We had a very enjoyable cruise through the fjord, in depths that, at times, exceeded 850', according to the chart (our sounder only works to about 350'). The fjord itself is much deeper, thousands of feet, but millions of years of erosion have filled in the vee with rock and sediment. At Cap Éternité, which is across the river from Cap Liberté, Cap Egalité, and Cap Fraternité (I'm sure there's a motto of a fraternal order in there), we turned to port and entered  Baie-Éternité.

The cliffs dominate the view from our aft deck If you zoom in you can see the cable bridge of the Via Ferrata to the right of our flag.

It is just as beautiful as we had heard, and after hunting around a bit, we found a spot in 110' of water to drop the anchor (map) on 250' of chain. There used to be a few mooring balls here for boat-in visitors, but they fell into disrepair and the park removed them. We had the entire bay almost to ourselves, with one sailboat a half mile from us anchored on a 20' ledge that seemed, to our eye, perilously close to the rocks.

We had a lovely dinner on the aft deck just completely immersed in the experience. In the evening we could faintly smell the campfires from the campground a mile distant, but all we could hear was the sound of an unseen brook emptying into the bay. It was so dark that the sky was filled with stars. I could see satellites whizzing by overhead, four Jovian moons, Mars, and one of the best views of the milky way I have ever experienced.

Passing the statue of Mary as we head upriver.

There is a small dock to get ashore here, with access to a small "discovery center" and numerous trails. Most climb hundreds of meters to lookout points, and one leads to the Statue of Notre-Dame-du-Saguenay, perched some 590' above the river on Cap Trinité since 1881. Had we time to spend a second night I might have gone ashore, but with no time for any hikes we opted to forego the $9.25 park entrance fee and just enjoyed the scenery from on board. Our night in Baie-Éternité ranks as one of the most beautiful in our decade of cruising.

This diminutive tug pulling two wood chip barges upriver passed Baie Éternité just as we left, and we passed him here, further upriver.

While many of the small handful of cruising boats that come this far turn around at this point, we opted to see the entire length of the park by continuing upriver, and so yesterday morning we weighed anchor with the tide and continued upriver to the enormous fork in the fjord at Cap a l'Ouest, where we stayed to the left to enter Baie des Ha! Ha! (Ha! Ha! Bay -- really). At the head of the bay is the La Baie district of Saguenay and the industrial Port Alfred.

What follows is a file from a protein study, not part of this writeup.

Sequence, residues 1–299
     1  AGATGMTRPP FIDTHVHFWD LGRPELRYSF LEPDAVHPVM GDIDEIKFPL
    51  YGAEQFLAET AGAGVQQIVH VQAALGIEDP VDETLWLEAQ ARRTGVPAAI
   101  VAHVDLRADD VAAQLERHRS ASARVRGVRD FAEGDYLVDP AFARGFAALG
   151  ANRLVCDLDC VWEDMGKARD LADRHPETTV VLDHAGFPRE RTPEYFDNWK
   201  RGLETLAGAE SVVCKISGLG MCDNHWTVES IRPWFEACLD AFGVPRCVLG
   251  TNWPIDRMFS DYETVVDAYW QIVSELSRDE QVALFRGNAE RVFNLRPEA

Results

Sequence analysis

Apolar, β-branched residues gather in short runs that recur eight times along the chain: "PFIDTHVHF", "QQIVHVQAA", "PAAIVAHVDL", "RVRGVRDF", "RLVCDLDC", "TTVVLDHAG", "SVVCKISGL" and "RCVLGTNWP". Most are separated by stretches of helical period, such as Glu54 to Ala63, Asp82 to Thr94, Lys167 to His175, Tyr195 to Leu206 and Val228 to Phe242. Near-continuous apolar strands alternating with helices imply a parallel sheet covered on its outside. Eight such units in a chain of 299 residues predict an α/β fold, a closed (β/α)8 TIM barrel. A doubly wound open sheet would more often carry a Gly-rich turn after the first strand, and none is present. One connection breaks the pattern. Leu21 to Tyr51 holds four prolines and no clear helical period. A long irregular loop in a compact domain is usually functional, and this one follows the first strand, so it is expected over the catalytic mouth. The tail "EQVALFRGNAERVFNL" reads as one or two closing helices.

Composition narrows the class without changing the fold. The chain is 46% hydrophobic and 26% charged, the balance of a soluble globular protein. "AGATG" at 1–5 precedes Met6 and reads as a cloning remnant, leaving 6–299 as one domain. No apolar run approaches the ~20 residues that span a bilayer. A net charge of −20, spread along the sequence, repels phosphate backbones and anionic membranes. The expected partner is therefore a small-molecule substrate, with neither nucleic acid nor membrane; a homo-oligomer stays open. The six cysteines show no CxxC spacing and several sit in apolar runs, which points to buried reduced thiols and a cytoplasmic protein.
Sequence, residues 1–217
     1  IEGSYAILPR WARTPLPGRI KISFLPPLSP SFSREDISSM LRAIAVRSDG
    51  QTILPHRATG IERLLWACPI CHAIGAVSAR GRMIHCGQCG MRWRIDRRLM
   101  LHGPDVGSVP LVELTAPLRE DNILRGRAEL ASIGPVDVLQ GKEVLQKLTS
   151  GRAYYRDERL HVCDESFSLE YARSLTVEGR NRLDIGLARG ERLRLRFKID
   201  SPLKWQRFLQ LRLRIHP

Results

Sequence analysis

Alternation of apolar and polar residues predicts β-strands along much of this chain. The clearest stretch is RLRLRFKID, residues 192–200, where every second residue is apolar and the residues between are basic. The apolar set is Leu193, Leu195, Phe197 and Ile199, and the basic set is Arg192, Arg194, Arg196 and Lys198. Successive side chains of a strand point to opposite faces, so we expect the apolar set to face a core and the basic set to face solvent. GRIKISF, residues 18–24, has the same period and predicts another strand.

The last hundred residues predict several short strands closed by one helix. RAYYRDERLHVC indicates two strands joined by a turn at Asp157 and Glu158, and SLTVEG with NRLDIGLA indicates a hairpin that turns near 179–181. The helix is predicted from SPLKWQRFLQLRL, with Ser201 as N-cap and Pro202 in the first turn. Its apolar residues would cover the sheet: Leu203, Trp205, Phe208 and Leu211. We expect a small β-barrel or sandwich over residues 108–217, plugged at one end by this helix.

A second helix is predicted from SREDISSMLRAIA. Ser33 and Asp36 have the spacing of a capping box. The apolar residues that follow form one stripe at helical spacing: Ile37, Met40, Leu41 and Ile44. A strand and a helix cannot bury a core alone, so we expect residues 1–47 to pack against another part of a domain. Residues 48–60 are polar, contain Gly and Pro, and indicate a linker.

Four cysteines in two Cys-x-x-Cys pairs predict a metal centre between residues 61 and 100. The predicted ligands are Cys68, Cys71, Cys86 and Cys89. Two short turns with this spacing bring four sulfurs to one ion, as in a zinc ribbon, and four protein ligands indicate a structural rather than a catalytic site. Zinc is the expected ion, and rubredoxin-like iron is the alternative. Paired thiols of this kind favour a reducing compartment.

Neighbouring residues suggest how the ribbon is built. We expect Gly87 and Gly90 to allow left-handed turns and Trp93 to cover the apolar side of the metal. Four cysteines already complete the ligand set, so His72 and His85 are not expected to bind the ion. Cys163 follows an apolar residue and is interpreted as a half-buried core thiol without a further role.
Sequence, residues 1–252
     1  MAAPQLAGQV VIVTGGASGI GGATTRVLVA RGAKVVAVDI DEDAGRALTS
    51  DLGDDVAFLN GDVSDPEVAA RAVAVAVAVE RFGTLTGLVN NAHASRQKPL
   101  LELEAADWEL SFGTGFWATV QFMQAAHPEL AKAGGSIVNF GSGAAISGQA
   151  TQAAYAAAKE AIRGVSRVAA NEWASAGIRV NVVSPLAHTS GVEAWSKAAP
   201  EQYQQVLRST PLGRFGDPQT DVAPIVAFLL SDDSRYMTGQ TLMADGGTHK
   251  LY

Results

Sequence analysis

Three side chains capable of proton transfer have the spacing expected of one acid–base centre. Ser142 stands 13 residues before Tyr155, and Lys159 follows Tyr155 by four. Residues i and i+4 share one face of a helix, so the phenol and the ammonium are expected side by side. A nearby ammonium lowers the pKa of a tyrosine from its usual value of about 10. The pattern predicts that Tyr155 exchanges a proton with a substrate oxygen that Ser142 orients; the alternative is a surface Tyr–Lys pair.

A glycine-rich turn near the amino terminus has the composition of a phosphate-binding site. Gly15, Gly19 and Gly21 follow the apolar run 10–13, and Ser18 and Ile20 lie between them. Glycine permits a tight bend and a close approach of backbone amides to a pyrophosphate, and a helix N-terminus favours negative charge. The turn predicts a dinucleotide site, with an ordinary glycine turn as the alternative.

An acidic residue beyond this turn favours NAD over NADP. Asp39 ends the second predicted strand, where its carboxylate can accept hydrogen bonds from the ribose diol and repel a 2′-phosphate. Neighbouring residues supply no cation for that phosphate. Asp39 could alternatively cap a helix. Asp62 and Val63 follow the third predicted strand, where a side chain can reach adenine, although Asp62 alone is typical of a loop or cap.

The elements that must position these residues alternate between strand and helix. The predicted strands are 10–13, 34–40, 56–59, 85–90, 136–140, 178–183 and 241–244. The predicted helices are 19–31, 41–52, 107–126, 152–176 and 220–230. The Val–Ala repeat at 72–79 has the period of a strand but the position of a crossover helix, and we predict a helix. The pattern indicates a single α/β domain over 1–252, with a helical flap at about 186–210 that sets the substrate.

This monument to the nearby air base is made from locally produces aluminum; the Alcan plant is a major industry in Saguenay.

After passing an enormous freighter anchored in the bay, perhaps just twenty minutes from our destination, the autopilot pump slowed to a crawl and, a few seconds later, several instruments went dead. Our 12 volt battery system was reading low voltage, even though our main 24 volt batteries were full. Normally we would drop the anchor to deal with such a situation, but that was not an option in nearly 400'. I handed the conn over to Louise and scrambled down to the engine room.

Vector at anchor in the distance, with the end of the cruise pier and city dock at right, gives a sense of scale to the enormous bay.

As I had guessed, one of the fuses on the voltage converter had blown, leaving the 12 volt battery to run everything with  no charging source. I bridged the engine starting batteries over to get us to the anchorage. There we hunted around until we found an undersea promontory that was only 70' deep and dropped the hook (map), a short tender ride from the La Baie city docks, attached to the cruise ship pier. We could not get any information about these docks before our arrival, and so after replacing the blown fuse and getting settled, we splashed the tender and I headed there stag to scope things out.

The modern cruise terminal building. Lots of small ships and a couple of large ones call here.

No one ashore seemed to know anything about the docks, either, although the locals seem to use them at will for day docks. Someone in the visitor information center attached to the cruise port finally reached the dockmaster and I got permission to tie up. The docks are very nice and very modern, and we presume they really exist not for transients, but for the endless parade of tour boats that inevitably will arrive to service the cruise ships when they are in town.

I walked the entire port area, which is not very large, scoping out the half dozen restaurants and enjoying the nice waterfront park. I also stopped in the "general store" to pick up some beer using my rusty French -- I was OK until they tried to sell me lottery tickets and I had to ask them to speak more slowly. Having been misled by the cold temperatures at the mouth of the river, I was overdressed for walking in what turned out to be the high 80s in town, so I made it a short visit.

Vector looking like a toy boat set on the cruise pier between two bollards.

We returned together at dinner time for a casual meal on the patio at Au Pavillon Noir, with a very modern interior but an oddly pirate-themed menu. We had the "cochonne" pizza, which in Quebec is what is sometimes called a "garbage" pizza in the US. The English-language menu they handed us called it the "Loaded Gun" (keeping with the pirate theme), but when we had Google translate the French version ahead of time, the only one on the web site, it helpfully translated it as "slut pizza" and so, of course, that's the one we had to have.